Thursday, July 31, 2014

UPDATE: San Francisco Stormwater Management Ordinance

UPDATE - July 31, 2014

BOMA San Francisco Members

Please click here to view a Stormwater Design Guidelines presentation to BOMA San Francisco's Codes and Regulations Committee members recently. Also discussed at the gathering was the SFPUC Non-Potable Water Guidebook, as several BOMA members have expressed interest in non-potable water reuse.

If you have any questions please feel free to reach out to:

Mike Adamow
Urban Watershed Management Program
Wastewater Enterprise
San Francisco Public Utilities Commission
525 Golden Gate Ave., 11th Floor
San Francisco, CA 94102 | 415-934-3904


Original Post - April 14, 2010

BOMA San Francisco Members:

Thank you for your feedback on the San Francisco Stormwater Management Ordinance that would amend the San Francisco Public Works Code to require the development and maintenance of stormwater management controls for specified activities that disturb 5,000 square fee or more of the ground surface including, but not limited to, the construction, modification, conversion, or alteration of any building or structure and associated grading, filling, excavation, change in the existing topography, and the addition or replacement of impervious surface.  The measure will also create a Stormwater Management Plan to verify that no additional run-off will be created by a new development/project, and that any such new run-off is being properly treated or mitigated in an approved fashion.

UPDATE! - As of April 14, 2010

After reviewing the ordinance, your BOMA San Francisco Advocacy Team and Codes and Regulations Committee members have determined that this measure--approved by the San Francisco Board of Supervisors on April 13, 2010--will have a minimal  impact on the BOMA San Francisco membership.   

You can download a copy of the ordinance, here, and the stormwater design guidelines, here.

What are Stormwater Design Guidelines?

The Port of San Francisco (Port) and the San Francisco Public Utilities Commission (SFPUC) are developing the San Francisco Stormwater Design Guidelines (“Design Guidelines”).  The Design Guidelines will improve San Francisco’s environment by reducing pollution in stormwater runoff in areas of new development and redevelopment. The Design Guidelines will be applied in areas of San Francisco served by separate storm sewers that discharge directly to local lakes or San Francisco Bay.  Given current trends in development, at this time mostly Bay waterfront parcels will be affected.

Please click here to review the Stormwater Design Guidelines.

What is stormwater runoff and why is it a concern?

Stormwater runoff is rainwater that flows over the land surface and through collection pipes.  In vegetated areas such as forests, fields and wetlands, rainwater seeps slowly into the ground, limiting runoff.  However, when rain falls on paved concrete and other hard (impervious) surfaces such as those found in most of San Francisco, it runs off quickly and is conveyed by pipes and other drainage features.  Though starting as relatively pure rainwater, stormwater runoff collects pollutants as it flows over impervious surfaces.  For example, runoff from parking lots picks up oil and grease from leaking engines, copper from worn brake linings, and zinc from tires. Although most runoff in San Francisco flows into the combined sewer system and receives treatment at the city’s two sewage treatment plants, there are a few areas in the city that discharge directly into  San Francisco Bay or other surface water such as Lake Merced without receiving any treatment.  These polluted stormwater flows can be detrimental to aquatic and other life.  The Design Guidelines will help improve San Francisco’s environment by reducing pollution in water that runs to the bay or other waters from newly constructed facilities.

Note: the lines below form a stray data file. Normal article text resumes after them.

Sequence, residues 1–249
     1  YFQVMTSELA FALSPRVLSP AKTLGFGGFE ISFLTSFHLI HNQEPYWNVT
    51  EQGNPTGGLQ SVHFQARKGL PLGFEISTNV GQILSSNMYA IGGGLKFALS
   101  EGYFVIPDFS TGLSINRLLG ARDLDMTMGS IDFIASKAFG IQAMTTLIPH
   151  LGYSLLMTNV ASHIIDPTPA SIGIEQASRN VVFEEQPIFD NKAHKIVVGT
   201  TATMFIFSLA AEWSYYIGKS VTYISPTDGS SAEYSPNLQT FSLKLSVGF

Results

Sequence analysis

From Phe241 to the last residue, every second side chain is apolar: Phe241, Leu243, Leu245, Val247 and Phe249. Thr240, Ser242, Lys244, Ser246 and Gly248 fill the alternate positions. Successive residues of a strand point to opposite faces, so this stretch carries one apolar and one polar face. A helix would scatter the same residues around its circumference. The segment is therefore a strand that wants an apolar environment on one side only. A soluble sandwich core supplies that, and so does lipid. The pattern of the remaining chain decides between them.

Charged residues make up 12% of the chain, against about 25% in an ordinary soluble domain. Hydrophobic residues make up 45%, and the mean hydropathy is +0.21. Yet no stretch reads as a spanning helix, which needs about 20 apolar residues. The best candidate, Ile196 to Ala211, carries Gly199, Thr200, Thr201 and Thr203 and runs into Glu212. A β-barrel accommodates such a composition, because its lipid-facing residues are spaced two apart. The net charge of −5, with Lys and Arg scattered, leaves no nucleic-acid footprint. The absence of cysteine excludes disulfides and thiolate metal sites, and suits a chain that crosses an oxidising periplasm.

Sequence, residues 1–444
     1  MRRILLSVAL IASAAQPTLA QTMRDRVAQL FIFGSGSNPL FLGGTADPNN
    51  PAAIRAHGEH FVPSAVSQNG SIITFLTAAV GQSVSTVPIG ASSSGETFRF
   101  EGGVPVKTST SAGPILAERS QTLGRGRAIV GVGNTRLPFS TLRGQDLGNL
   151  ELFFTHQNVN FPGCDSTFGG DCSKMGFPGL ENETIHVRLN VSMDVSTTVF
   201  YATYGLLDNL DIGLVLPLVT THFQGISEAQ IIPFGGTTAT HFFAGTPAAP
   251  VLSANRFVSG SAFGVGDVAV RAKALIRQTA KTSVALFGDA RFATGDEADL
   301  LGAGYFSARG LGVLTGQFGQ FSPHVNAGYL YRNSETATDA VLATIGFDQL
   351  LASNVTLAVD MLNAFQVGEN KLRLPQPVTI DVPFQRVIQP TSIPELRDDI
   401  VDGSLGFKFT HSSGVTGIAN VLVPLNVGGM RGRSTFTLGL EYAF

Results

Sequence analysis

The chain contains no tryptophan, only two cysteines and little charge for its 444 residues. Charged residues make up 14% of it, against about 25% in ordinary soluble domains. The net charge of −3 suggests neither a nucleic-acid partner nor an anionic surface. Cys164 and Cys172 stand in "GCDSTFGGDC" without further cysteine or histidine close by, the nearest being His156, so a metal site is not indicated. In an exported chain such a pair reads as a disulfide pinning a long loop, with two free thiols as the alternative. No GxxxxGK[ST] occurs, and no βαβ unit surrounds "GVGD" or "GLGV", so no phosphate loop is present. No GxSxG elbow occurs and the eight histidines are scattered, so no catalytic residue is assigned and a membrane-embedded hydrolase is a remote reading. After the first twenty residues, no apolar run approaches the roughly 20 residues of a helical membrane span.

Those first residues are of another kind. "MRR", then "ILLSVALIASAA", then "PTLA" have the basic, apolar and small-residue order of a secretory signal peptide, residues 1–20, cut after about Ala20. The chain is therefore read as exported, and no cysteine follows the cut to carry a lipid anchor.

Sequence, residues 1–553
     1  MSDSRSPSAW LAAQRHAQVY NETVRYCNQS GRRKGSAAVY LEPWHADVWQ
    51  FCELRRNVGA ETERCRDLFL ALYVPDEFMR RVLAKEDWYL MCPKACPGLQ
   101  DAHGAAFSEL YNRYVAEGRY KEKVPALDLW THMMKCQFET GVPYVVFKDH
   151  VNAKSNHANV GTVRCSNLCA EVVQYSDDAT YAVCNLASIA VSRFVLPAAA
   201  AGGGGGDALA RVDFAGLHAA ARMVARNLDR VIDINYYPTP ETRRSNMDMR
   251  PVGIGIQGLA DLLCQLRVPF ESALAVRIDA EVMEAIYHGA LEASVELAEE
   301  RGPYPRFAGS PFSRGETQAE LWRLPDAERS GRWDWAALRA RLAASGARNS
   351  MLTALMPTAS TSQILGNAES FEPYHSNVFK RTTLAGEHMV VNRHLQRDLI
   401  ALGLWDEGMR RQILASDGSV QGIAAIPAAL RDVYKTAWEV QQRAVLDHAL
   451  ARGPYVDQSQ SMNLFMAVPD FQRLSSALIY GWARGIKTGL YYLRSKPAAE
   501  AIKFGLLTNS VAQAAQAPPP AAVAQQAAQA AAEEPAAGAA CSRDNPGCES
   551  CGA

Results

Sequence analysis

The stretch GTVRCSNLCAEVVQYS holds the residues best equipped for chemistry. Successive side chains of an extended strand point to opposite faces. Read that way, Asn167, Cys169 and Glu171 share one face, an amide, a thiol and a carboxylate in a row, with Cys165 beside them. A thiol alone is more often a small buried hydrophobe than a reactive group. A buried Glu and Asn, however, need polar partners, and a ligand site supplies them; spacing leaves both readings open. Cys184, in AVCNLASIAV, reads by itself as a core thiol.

How can San Francisco help reduce the detrimental impacts of stormwater runoff? 

One way to help reduce the detrimental impacts of stormwater runoff is by changing the way we approach new construction.  New development and redevelopment projects can be designed to minimize pollutant exposure within the project area.  Through careful pre-construction planning and designing, new development and redevelopment projects can be built to:

  • Minimize impervious surfaces, which would allow more rainfall to soak into the ground
  • Reduce the volume and intensity of storm water runoff, which would reduce flows that end up in the receiving waters 
  • Convey and treat storm water runoff using landscape features and other “green” systems  to provide treatment to the pollutants in the runoff

Studies performed around the world show that proactive site planning and design is the most cost-effective approach for reducing stormwater pollution.

What is San Francisco doing to address stormwater impacts associated with new development and redevelopment projects?

As the owners and operators of San Francisco’s storm drain systems, the Port and the SFPUC have teamed to develop the San Francisco Stormwater Design Guidelines.  The  Design Guidelines will apply to new development and redevelopment in areas of San Francisco served by separate storm sewers (e.g., storm sewers that discharge directly to receiving waters).   The Port and the SFPUC invite you to participate in the development of the Design Guidelines.

Is San Francisco required to develop Stormwater Design Guidelines?